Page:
Facebook Will Stop Ripping Down Music Videos — Effective Immediately

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Facebook won’t be ripping down music videos anymore — at least if they involve songs owned by Universal Music Group.

If there was one deal that needed to get done in 2017, this was it.

According to an email from Universal Music Group, Facebook has just signed a deal to license the music giant’s entire catalog.  Which means that starting immediately, UMG will stop ripping down videos involving their catalog from the social network.

Roughly speaking, UMG and its publishing subsidiary, Universal Music Publishing Group (UMPG), control one-third of music recording revenues in the world.  Which means there’s a pretty good chance your cover video will include one of their works.

Or, one of your videos will include a UMG artist — upfront, or in the background.

+ March 23, 2017: Warning: Universal Music Is Ripping Down ALL Facebook Cover Videos

Which also explains why Facebook has been a war zone for the past few years.

Basically, UMPG declared war against Facebook by demanding takedowns of videos using their copyright.  Facebook complied by both ripping down videos and penalizing accounts, often to unsuspecting users.

Those confused users then started blaming the artists, who they thought were behind the rip-downs.  In one ugly scenario, Ed Sheeran demanded that a cover of his song be restored.  Sheeran also apologized to the pissed-off fan, blaming the incident on his label.

+ March 13, 2017: Ed Sheeran Desperately Trying to Repair Fan Relationships as Facebook Rips Down Cover Videos

Now, those extremely messy situations are history.  At least for situations involving UMG.

Here’s everything we know about the deal so far:

It’s a multi-year, global licensing agreement involving UMG’s entire catalog.

The deal means that Facebook will stop ripping down cover videos for violating UMG copyrights.

The deal also covers uses on Instagram, Oculus, and even Messenger.

Both parties signaled a broader music partnership ahead.

We’re not sure what the dollar terms are (share details if you have them to news@digitalmusicnews.com).

Facebook says it will be working with UMG to develop ‘music-based products’ in the future.  Universal Music Group echoed that sentiment, noting that “the agreement is intended to serve as a foundation for a strategic partnership roadmap that will deliver new music-based experiences online.”

A huge player at the negotiating table was Tamara Hrivnak, Head of Music Business Development and Partnerships at the social networking giant.  “There is a magnetic relationship between music and community building,” Hrivnak said.  “So we’re excited to bring that to life on Facebook, Instagram, Oculus and Messenger in partnership with UMG.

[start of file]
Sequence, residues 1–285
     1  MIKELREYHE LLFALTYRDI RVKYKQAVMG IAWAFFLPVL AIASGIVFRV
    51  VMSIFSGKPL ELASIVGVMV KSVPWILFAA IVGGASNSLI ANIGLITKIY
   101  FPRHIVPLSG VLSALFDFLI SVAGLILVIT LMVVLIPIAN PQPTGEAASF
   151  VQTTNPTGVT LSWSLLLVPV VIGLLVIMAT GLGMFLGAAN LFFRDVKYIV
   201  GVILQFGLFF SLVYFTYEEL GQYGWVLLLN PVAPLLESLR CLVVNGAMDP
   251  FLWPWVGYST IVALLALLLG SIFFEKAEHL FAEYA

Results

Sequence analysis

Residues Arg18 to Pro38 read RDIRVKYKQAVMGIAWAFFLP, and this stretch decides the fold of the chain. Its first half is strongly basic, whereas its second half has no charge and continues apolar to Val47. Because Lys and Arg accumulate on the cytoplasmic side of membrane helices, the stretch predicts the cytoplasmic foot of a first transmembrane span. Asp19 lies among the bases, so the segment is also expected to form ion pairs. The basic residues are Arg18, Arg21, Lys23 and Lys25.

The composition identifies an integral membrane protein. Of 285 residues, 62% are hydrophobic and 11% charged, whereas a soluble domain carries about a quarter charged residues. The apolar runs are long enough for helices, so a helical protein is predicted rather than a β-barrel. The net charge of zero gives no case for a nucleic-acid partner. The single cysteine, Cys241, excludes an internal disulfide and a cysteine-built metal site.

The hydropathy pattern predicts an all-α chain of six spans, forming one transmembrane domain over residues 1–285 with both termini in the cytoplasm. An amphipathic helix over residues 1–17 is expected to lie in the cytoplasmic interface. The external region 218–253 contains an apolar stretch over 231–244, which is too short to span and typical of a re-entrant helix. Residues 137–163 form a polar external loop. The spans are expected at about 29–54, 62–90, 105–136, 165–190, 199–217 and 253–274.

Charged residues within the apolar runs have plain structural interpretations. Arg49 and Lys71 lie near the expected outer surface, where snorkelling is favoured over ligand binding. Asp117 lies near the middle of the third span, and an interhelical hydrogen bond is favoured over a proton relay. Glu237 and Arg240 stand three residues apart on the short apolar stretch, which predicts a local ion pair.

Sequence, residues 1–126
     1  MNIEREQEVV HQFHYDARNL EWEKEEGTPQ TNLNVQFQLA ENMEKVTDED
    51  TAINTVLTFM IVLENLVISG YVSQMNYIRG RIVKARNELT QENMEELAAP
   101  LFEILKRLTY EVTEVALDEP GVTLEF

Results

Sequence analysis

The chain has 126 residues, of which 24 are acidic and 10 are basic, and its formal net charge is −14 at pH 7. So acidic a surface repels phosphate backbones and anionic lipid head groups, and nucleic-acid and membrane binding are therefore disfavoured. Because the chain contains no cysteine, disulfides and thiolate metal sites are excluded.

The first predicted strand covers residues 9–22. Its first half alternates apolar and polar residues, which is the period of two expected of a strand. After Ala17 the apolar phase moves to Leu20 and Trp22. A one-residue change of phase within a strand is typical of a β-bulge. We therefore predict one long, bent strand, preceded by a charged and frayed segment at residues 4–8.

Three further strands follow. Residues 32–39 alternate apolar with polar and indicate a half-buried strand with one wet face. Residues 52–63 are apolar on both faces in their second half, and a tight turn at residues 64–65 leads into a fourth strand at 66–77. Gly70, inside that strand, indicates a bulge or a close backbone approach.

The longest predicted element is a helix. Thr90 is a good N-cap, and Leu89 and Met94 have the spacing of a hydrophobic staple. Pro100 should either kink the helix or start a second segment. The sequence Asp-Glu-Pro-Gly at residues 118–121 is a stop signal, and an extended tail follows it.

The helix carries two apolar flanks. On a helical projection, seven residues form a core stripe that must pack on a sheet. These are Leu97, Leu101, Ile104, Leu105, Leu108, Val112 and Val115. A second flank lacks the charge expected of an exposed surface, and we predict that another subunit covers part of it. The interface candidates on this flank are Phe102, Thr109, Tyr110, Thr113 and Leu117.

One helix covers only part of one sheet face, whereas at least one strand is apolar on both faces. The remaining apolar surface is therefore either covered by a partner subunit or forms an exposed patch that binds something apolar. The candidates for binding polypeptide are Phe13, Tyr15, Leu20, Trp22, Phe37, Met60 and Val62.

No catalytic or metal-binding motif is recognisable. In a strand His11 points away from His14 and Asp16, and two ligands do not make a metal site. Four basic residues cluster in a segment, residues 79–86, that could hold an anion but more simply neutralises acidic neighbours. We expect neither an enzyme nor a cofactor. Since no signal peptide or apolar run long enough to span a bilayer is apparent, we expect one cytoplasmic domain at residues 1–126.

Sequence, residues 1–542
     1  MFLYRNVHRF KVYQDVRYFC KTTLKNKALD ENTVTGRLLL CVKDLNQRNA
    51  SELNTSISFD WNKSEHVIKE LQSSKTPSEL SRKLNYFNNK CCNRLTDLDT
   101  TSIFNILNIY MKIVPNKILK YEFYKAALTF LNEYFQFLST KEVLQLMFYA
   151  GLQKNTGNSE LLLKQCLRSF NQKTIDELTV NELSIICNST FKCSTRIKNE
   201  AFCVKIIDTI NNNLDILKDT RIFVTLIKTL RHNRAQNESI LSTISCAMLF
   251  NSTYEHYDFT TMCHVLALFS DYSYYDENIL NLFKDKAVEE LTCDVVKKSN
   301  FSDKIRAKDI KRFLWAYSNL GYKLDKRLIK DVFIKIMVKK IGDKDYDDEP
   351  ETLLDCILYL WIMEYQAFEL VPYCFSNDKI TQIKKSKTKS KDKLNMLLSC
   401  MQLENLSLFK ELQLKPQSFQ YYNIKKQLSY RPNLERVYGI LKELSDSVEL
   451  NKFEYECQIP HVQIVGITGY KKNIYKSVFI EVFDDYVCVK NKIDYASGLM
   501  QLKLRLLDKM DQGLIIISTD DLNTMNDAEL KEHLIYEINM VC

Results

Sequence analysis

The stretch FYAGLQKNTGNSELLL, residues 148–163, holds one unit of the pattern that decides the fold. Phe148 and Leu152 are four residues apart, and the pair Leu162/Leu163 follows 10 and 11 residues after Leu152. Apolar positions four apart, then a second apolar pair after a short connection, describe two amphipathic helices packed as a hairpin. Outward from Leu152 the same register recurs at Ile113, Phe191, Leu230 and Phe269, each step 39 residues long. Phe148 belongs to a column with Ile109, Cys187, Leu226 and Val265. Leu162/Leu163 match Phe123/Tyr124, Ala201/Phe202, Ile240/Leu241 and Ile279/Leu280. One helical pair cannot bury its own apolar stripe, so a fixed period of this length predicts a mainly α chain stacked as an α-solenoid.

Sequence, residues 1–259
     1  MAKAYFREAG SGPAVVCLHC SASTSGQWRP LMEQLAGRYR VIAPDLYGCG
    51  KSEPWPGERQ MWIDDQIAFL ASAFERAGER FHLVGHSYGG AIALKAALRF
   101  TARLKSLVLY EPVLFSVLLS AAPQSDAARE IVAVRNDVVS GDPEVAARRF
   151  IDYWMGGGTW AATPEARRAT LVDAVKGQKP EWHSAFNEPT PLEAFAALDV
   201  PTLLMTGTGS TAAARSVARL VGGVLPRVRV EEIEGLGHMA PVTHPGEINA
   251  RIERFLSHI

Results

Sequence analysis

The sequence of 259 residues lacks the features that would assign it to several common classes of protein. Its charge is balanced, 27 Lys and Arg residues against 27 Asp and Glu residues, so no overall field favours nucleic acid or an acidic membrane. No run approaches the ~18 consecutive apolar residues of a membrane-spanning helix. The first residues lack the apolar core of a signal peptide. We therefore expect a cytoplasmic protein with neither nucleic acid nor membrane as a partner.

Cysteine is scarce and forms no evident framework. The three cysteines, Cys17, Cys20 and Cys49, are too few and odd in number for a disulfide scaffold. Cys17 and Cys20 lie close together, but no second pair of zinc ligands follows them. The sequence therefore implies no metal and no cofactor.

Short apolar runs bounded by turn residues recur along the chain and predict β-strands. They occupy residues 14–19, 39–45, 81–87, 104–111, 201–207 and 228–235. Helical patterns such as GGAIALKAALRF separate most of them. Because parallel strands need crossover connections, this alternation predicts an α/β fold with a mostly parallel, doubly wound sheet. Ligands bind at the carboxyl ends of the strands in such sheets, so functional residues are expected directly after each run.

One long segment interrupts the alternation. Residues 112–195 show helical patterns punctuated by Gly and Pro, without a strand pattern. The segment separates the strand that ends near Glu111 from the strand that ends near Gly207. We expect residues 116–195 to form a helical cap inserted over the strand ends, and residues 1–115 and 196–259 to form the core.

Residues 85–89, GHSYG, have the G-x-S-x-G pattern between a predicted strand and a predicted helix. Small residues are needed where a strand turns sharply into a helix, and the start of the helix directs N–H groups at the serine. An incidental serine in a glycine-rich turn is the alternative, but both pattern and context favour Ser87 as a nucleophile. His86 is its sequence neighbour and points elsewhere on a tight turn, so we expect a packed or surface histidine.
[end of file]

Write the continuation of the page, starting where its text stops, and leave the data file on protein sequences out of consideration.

The deal paves the way for similar contracts involving Warner Music Group and Sony Music Entertainment.

In typical fashion, UMG has forged the first deal.  That will inform deals involving the other two majors, both of whom may haggle over their own details.  In fact, it can take months to cement relationships with all three majors, though Universal was creating the greatest user experience disruption — so that was a giant squeaky wheel for Facebook to grease.

Indie labels, represented by Merlin, often comprise the negotiating power of a ‘fourth major’.

And of course, all of this raises the possibility of a Facebook-hosted streaming music service.  Sounds exciting, though we haven’t really heard anything substantive in that direction.  So far, Facebook’s streaming solution has come through an integrated partnership with Spotify.

More details as we learn them!



Got a tip? Send it to news@digitalmusicnews.com.  Anonymity protected.

2 Responses

  1. XLR

    This is very good news, although with Facebook reportedly moving all like pages to a separate tab in the future, and making people pay for organic outreach, I wonder if this is too little too late.

    Also I wonder does this count for other uses such as people who have UMG music playing in their videos such as weddings, comedy/memes, or a remix using a song from their catalog.

  2. Ann Mead

    Unfortunately this does not seem to be happening for our church’s Facebook live stream on a Sunday morning. All our music is correctly licensed and twice now UMG have contacted Facebook and told them to take our live stream down. We have contacted them and confirmed everything is correctly licensed but they seem to just ignore it and again wrongly took our church service off-line today. If we hadn’t got permission I could understand them wanting to take it down – as we would be the ones at fault, but we have got all the correct licensing, so they are the ones at fault when they wrongly tell Facebook to take our service down midway through. Members of our church are putting a lot of effort into getting the service together every Sunday during the current situation. I feel quite angry about this as though I am not involved in the services I can see the effort that members of our church are making. It also helps us feel connected when we are unable to see one another especially for older members who were isolated at home. UMG and Facebook stop taking our services down illegally.
    Ann Mead. member of Peasedown St John Methodist Church